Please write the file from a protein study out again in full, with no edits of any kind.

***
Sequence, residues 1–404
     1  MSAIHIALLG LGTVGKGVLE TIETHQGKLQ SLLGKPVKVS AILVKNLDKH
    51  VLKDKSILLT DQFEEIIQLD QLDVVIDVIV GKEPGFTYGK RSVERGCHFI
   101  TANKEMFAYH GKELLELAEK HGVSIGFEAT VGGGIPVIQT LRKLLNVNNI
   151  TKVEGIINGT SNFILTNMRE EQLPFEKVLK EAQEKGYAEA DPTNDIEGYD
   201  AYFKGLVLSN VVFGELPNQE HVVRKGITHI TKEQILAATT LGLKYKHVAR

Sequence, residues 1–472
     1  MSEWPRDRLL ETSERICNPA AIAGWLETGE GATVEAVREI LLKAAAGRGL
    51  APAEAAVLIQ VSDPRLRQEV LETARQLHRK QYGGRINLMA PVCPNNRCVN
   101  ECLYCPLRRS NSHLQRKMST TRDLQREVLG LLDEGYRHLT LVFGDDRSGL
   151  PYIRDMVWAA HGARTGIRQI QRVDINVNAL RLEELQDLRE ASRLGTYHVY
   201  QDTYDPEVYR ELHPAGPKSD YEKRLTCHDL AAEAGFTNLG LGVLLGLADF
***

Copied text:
Sequence, residues 1–404
     1  MSAIHIALLG LGTVGKGVLE TIETHQGKLQ SLLGKPVKVS AILVKNLDKH
    51  VLKDKSILLT DQFEEIIQLD QLDVVIDVIV GKEPGFTYGK RSVERGCHFI
   101  TANKEMFAYH GKELLELAEK HGVSIGFEAT VGGGIPVIQT LRKLLNVNNI
   151  TKVEGIINGT SNFILTNMRE EQLPFEKVLK EAQEKGYAEA DPTNDIEGYD
   201  AYFKGLVLSN VVFGELPNQE HVVRKGITHI TKEQILAATT LGLKYKHVAR

Sequence, residues 1–472
     1  MSEWPRDRLL ETSERICNPA AIAGWLETGE GATVEAVREI LLKAAAGRGL
    51  APAEAAVLIQ VSDPRLRQEV LETARQLHRK QYGGRINLMA PVCPNNRCVN
   101  ECLYCPLRRS NSHLQRKMST TRDLQREVLG LLDEGYRHLT LVFGDDRSGL
   151  PYIRDMVWAA HGARTGIRQI QRVDINVNAL RLEELQDLRE ASRLGTYHVY
   201  QDTYDPEVYR ELHPAGPKSD YEKRLTCHDL AAEAGFTNLG LGVLLGLADF